These often striking, beautiful works of art were not only confined to the Ottoman Empire, but they were in daily use in other areas too. Exquisite robes, kaftans and belts were worn by the people of the Court and soft furnishings adorned the halls of the palaces, but these amazing textiles were not only present in exalted society. They could be found everywhere, even in the humblest dwelling.
Inspired by her visits to Turkey and all that she experienced there, Joyce Ross decided to research and study historic embroideries from that country. She soon became fascinated by the wonderful range of stitches, images and designs in the embroideries she found. Restricting her search to Turkish Ottoman embroidery, she realised that the textiles reflected the changing lifestyle of the Ottomans as other cultures influenced them. They were nomadic people who adapted many symbols from the countries with whom they came into contact. The earliest embroideries on cloth were made to emulate Italian brocades and the designs were all derived from plant forms, but they also incorporated shapes like the Buddhist 'flaming pearl' and Persian paisley designs.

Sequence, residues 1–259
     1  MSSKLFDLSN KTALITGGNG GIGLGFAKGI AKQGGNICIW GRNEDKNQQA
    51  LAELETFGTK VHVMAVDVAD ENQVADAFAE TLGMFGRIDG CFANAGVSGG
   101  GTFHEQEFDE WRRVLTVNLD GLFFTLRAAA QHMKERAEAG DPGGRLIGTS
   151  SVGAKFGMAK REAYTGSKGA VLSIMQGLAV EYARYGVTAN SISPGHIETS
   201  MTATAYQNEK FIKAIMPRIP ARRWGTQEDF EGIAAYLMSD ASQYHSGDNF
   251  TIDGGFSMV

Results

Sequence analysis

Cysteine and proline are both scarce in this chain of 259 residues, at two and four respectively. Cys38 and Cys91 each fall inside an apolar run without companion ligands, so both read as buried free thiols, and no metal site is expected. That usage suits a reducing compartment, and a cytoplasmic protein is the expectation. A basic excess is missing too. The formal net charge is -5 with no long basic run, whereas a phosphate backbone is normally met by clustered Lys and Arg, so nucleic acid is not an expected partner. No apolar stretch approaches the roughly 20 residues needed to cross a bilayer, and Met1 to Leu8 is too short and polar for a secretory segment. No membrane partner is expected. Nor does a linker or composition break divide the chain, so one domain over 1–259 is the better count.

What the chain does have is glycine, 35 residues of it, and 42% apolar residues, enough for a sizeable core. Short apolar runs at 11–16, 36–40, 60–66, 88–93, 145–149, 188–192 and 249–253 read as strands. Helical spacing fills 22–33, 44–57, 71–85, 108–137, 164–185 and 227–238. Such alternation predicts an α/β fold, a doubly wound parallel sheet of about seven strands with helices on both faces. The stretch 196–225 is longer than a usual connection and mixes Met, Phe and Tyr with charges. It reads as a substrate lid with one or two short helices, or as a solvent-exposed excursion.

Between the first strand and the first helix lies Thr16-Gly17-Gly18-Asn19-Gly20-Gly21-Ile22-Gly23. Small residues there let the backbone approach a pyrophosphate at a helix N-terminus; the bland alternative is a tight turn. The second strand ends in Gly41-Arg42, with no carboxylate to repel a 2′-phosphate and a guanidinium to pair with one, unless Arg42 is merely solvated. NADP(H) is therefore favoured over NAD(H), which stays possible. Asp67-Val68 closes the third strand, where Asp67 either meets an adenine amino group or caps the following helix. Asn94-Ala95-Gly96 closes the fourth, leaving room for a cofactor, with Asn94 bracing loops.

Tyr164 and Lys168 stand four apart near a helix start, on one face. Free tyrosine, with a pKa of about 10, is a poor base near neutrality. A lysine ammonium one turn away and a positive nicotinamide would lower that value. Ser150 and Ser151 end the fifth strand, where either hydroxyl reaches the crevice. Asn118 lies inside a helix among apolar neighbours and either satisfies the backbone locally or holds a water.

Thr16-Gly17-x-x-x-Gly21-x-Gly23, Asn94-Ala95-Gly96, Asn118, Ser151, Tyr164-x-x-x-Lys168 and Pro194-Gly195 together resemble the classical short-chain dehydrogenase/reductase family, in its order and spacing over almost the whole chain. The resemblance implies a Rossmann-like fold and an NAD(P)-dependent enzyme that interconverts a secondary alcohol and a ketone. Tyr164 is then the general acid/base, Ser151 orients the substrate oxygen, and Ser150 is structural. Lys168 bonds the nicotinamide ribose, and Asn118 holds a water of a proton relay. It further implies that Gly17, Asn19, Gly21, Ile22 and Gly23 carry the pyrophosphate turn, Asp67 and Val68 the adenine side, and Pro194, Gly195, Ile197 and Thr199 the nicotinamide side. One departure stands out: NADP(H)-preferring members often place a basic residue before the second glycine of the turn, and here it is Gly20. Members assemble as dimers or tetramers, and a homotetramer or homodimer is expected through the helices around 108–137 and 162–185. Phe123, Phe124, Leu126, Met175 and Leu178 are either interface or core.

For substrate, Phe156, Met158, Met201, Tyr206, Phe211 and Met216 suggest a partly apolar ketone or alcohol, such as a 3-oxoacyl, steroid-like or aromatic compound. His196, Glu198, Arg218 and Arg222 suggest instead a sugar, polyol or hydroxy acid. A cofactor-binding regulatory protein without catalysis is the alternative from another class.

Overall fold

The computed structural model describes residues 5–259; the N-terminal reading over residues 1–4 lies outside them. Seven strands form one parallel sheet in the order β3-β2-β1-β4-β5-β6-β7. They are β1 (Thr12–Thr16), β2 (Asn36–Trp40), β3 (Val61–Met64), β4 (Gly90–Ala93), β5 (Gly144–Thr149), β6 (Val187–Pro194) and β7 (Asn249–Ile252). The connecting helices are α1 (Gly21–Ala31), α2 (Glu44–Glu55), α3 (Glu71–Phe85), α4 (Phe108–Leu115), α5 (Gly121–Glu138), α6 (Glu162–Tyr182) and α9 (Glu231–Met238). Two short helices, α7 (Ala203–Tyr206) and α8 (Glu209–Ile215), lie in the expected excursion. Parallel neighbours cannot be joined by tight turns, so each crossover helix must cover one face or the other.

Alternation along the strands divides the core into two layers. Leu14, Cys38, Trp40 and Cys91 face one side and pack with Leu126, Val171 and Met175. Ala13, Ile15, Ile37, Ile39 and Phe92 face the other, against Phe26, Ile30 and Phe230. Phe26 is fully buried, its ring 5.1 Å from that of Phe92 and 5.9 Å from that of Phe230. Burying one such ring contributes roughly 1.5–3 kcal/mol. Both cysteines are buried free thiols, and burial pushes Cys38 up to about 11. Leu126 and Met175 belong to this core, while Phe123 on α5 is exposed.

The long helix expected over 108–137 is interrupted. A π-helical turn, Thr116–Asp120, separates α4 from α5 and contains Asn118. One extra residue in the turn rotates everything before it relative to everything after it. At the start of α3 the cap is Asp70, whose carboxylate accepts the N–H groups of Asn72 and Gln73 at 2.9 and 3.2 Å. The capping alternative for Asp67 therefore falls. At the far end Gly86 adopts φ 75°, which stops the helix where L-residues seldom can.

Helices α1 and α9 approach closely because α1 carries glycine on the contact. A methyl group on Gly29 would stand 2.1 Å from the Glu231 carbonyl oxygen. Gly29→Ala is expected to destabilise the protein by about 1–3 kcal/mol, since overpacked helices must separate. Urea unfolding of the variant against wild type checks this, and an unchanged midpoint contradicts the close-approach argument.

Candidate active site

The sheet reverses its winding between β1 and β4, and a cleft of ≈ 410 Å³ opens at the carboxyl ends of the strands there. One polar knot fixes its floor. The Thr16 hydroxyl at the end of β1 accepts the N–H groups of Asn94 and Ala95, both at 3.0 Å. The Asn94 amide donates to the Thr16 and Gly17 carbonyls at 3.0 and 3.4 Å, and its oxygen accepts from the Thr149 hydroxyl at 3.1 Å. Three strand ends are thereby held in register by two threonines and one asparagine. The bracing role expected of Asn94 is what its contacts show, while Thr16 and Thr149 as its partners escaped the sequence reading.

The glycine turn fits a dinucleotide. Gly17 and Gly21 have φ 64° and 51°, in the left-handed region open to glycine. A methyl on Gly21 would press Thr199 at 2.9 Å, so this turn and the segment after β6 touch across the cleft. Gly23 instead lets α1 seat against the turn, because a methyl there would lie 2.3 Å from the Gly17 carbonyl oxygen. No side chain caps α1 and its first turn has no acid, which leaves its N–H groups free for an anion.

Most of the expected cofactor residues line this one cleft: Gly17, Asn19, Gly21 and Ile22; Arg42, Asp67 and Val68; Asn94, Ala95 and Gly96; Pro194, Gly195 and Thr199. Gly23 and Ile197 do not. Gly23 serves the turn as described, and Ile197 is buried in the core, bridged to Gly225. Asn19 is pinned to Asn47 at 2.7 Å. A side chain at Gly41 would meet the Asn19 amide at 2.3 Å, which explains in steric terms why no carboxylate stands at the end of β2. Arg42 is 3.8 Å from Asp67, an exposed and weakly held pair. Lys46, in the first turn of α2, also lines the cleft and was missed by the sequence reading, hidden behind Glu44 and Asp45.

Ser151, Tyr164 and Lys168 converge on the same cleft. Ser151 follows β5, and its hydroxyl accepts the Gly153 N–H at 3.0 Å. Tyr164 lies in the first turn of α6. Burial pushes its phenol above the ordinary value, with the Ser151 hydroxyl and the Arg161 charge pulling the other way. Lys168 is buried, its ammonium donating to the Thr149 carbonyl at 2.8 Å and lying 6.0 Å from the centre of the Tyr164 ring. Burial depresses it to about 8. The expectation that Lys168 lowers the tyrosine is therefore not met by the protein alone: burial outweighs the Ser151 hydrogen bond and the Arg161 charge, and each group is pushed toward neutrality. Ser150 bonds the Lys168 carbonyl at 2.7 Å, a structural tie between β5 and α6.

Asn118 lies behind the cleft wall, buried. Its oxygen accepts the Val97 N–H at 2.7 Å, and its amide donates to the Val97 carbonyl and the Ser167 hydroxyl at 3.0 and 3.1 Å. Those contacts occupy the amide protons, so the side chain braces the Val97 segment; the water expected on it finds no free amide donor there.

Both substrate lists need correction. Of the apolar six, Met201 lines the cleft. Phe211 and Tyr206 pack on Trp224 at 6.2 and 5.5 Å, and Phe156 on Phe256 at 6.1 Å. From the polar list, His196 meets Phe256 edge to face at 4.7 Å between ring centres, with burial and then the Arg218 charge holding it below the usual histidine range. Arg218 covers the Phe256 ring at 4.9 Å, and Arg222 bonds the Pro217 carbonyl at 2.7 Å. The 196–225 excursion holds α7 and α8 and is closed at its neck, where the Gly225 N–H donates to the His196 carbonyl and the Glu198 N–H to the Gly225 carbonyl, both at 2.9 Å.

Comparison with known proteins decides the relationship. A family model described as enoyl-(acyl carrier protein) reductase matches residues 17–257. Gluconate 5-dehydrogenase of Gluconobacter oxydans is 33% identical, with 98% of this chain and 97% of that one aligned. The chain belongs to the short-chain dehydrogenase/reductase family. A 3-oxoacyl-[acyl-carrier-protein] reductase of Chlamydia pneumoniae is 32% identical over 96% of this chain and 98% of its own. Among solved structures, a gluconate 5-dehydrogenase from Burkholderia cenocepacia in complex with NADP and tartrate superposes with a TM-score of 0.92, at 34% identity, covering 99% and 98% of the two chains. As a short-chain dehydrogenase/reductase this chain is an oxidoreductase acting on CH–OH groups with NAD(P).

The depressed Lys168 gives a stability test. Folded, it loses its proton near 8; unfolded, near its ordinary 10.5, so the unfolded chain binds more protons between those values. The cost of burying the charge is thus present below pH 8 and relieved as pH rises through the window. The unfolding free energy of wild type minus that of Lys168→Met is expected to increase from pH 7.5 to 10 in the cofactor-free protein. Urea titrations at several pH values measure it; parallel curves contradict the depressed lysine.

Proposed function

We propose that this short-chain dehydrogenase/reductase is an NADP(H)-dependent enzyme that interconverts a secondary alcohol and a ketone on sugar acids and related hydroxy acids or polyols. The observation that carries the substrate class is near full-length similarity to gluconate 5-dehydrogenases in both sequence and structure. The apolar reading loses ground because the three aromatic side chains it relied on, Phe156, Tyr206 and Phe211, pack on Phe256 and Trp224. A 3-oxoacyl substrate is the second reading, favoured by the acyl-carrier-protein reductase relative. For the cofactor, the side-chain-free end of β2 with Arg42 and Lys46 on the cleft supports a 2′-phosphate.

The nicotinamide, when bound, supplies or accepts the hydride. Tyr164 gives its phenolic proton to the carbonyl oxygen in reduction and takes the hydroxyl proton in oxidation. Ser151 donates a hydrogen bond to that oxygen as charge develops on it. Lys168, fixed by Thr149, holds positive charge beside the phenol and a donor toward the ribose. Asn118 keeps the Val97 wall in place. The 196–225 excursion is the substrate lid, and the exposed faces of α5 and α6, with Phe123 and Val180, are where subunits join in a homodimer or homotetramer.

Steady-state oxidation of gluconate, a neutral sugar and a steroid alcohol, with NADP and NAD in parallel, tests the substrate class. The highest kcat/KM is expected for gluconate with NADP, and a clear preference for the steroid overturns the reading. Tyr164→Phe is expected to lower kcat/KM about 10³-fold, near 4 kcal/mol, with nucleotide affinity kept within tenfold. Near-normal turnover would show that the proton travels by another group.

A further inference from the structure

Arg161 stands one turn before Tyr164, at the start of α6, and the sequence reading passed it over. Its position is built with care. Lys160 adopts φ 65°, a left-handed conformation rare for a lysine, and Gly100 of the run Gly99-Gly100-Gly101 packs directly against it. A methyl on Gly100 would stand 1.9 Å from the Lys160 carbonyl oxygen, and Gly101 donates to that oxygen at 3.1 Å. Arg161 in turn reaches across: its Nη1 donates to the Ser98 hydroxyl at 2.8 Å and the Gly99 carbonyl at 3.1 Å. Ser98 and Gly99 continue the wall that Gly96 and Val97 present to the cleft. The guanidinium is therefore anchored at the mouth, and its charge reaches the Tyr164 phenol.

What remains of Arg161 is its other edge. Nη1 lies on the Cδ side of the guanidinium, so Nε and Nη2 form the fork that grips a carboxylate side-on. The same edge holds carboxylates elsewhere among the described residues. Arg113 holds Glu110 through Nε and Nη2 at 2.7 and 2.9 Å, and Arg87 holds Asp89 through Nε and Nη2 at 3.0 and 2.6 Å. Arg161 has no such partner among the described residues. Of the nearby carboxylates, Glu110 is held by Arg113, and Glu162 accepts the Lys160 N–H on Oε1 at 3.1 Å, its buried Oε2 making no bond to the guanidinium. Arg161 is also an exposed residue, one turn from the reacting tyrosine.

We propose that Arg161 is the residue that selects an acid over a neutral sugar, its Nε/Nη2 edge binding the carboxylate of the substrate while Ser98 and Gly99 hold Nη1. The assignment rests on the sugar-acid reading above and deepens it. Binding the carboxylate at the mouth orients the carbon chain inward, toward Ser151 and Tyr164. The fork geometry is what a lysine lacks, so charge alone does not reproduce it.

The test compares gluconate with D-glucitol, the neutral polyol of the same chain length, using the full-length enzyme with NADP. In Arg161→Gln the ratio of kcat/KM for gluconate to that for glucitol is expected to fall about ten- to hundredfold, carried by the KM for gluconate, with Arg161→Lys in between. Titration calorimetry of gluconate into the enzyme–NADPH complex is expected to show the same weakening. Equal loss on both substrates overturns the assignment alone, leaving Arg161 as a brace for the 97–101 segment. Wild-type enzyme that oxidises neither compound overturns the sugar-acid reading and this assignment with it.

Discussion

This book looks at the techniques of Ottoman embroidery, the fabrics, threads and colours that were used, the stitches and the designs. A Dictionary of Stitches describes a whole range of stitches from Bukhara self couching to needleweaving and Turkish punch stitch. Projects offer inspiring ideas for samplers, cards, coasters, bookmarks and more. A wonderful section on borders and motifs includes attractive border patterns used in 18th and 19th century Ottoman embroideries and motifs adapted from the pieces Joyce has studied.
Joyce has written and brought together a great book packed with information, and has written it for all those 'for whom the love of beauty knows no boundaries'. It will encourage embroiderers and textile artists everywhere to look at the historical treasures we have around us, and inspire them to create their own original works of art. 64 Illustrations, color